I have to do some project and need to estimate the DB size. I'm going to use Oracle in the project because we will have a lot of transactions and data. But in the "presentation" I need to specify, in 5 years, how much I expect the DB to grow.

So, I have a PDF with the way of calculating the row size and another stuff, but for SQL-Server. I want to do it for Oracle.

The pdf is an estimation formula - without having the real DB, so I can't do queries to the DB to check the actual size (That's What I've seen in other posts here when I googled).

The formula for SQL-Server row is

Row_Size = Fixed_Data_Size +Variable_Data_Size +Null_Bitmap + 4

This formula works in Oracle too? Also, "4" is the size of the header of a row (I don't know how to translate the meaning in English)

So, I have to do this in Oracle. What will be the value 4 in Oracle? The other things I think I think I've solved them.

  • Not able to get what you are asking for! Aug 25, 2012 at 18:40
  • Want to know how to know the db-size, in a estimation - I don't have a database to query the design. I've that formula, but it's for MSSQL, and I will use Oracle. Is the same ? Also, that "4" value is the size of header of the row (as far as I undestood the pdf I'm using for homework). That value is the same in Oracle ?
    – Gonzalo.-
    Aug 25, 2012 at 18:44

2 Answers 2


Ideally, you would create the database, load a bit of sample data, measure the size, and extrapolate. That is, by far, the more accurate method of estimating the size of a database in 5 years.

If you do want to compute the database size, you would generally start by figuring out how many rows will fit in a single block. For simplicity, we'll assume that rows are never deleted and that updates never change the size of the row. We'll also assume no compression is being used. Otherwise, things get a bit (more) complicated.

Calculate the size of the data in the row. For fixed-size data types (i.e. DATE, CHAR), that's just the size of the type. For variable-size data types (i.e. NUMBER, VARCHAR2), that's the average size of the data in the column. There are a couple of bytes of additional overhead, but you can pretty safely ignore that-- they're going to be swamped by the errors in estimating the size of your actual data and in the subsequent estimate of the number of rows per block.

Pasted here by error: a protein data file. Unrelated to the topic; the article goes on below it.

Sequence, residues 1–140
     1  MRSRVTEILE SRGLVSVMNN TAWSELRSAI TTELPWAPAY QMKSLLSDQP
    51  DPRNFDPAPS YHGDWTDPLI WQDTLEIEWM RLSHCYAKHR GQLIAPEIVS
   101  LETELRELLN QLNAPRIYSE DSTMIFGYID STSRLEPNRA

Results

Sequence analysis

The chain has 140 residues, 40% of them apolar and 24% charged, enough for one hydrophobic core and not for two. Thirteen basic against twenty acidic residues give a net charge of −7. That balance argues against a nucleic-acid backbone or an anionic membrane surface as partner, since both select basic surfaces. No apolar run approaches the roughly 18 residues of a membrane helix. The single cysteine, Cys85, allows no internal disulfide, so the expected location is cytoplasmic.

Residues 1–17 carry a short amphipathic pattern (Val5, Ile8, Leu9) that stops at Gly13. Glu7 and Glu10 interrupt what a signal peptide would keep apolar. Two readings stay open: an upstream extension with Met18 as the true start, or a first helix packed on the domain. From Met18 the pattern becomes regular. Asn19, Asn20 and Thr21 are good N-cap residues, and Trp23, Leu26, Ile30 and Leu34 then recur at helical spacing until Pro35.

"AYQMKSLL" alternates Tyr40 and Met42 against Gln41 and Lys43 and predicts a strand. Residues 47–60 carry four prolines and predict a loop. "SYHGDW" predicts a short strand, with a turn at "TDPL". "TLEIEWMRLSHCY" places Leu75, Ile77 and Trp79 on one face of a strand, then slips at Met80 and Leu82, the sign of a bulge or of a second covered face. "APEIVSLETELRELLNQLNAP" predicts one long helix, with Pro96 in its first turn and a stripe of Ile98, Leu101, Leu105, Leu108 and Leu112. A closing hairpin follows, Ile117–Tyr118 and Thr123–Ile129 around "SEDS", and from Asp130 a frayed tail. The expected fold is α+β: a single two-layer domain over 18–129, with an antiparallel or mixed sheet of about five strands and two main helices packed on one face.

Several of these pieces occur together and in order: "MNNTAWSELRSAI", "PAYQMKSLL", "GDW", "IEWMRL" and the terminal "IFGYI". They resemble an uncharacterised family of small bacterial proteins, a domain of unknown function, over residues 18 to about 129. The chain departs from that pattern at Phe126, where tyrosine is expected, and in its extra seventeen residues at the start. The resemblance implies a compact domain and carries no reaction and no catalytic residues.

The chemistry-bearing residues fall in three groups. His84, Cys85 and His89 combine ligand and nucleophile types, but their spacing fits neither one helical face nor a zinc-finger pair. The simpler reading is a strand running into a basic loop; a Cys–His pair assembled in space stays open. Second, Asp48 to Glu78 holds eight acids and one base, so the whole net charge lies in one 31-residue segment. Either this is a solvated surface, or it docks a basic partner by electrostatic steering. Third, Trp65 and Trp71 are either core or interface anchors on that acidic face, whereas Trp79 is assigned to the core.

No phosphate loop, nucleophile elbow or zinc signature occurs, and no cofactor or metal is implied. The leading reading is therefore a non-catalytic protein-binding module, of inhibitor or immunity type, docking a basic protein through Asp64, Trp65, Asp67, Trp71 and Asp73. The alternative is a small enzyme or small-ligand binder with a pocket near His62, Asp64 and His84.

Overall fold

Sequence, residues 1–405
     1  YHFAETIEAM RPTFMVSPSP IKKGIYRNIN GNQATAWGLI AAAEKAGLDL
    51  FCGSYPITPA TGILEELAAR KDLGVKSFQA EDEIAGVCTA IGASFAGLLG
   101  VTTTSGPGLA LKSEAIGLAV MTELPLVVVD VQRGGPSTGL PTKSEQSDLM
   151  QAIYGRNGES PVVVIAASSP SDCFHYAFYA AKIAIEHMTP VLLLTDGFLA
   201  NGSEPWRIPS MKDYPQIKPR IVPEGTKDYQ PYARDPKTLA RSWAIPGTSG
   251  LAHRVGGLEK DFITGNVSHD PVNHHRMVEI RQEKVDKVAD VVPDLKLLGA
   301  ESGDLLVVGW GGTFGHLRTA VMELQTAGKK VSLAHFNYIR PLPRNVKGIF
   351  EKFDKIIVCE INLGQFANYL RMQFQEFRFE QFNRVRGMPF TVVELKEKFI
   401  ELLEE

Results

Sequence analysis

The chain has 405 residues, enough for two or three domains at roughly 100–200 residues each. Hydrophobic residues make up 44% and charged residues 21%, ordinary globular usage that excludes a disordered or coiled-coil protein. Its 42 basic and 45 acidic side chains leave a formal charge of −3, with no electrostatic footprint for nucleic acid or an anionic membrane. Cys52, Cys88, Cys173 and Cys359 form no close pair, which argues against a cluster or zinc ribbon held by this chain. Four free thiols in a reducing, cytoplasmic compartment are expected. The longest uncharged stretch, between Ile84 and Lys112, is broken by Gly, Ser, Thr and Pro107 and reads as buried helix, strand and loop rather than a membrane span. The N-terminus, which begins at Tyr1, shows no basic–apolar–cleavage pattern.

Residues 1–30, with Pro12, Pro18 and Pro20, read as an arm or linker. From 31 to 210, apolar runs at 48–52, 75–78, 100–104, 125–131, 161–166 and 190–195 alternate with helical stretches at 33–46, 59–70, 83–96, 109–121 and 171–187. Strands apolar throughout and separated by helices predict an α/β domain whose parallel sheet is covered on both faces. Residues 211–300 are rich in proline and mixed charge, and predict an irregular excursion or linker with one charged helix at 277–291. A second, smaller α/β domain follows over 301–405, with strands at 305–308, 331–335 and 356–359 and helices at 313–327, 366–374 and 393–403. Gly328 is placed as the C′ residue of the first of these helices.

If you expect that each row will have x bytes of data, the number of rows per block will be

<<rows per block>> = 
  floor( <<database block size>> * 
          (1 - <<pctfree of table>>/100) / 
          <<size of row>> ) + 1

assuming that a row is smaller than <<database block size>> * <<pctfree of table>>/100. If the row is larger, then don't add 1 to the result of the floor.

Once you know the number of rows per block, the estimated size of the table will be

<<size of table>> = 
  ceil( <<number of rows in table>> / <<rows per block>> ) *
    <<database block size>>

Walking through an example

My database block size is 8k and we'll assume that I'm using the default PCTFREE of 10 (meaning 10% of the block is reserved for future updates that increase the size of the row). I'll create a simple two-column table

SQL> create table foo(
  2    foo_id number,
  3    foo_str varchar2(100)
  4  );

Table created.

If foo_id is going to be the primary key with values from 1 to 1 million, each foo_id will consume between 1 and 7 bytes of space. But I also know from doing the test that, on average, it'll take ~6 bytes (actually 5.89 bytes). Of course, the larger the foo_id values get, the more space, on average, each foo_id requires. Oracle needs, on average 1.1 bytes per element to store the numbers 1-10, 1.92 bytes to store 1-100, 2.89 bytes to store 1-1,000, 3.89 bytes to store 1-10,000, 4.89 bytes to store 1-100,000, and 5.89 bytes to store 1-1,000,000. So, let's estimate for our example that foo_id will require 6 bytes and foo_str will require 50 bytes because the average foo_str is roughly 50 bytes. So we'll estimate a row size of 56 bytes.

The number of rows per block

<<rows per block>> = 
  floor( 8192 * 
          (1 - 10/100) / 
          56 ) + 1

which works out to 132 rows per block. If we want to estimate the size of a 1 million row table,

<<size of table>> = 
  ceil( 1000000 / 132 ) *

which works out to 59.19 MB.

Now, let's test our estimate

We'll insert 1 million rows where foo_id goes from 1 to 1,000,000 and foo_str is a string with a random length between 1 and 100.

SQL> ed
Wrote file afiedt.buf

  1  insert into foo
  2    select level, dbms_random.string( 'p', dbms_random.value(1,100))
  3      from dual
  4*  connect by level <= 1000000
SQL> /

1000000 rows created.

Our estimate of the average row length was spot on (note that, in reality, you won't be nearly this close-- your estimate of variable column sizes will not be nearly so accurate)

SQL> exec dbms_stats.gather_table_stats( 'SCOTT', 'FOO' );

PL/SQL procedure successfully completed.
SQL> ed
Wrote file afiedt.buf

  1  select avg_row_len, num_rows
  2    from user_tables
  3*  where table_name = 'FOO'
SQL> /

----------- ----------
         56    1000000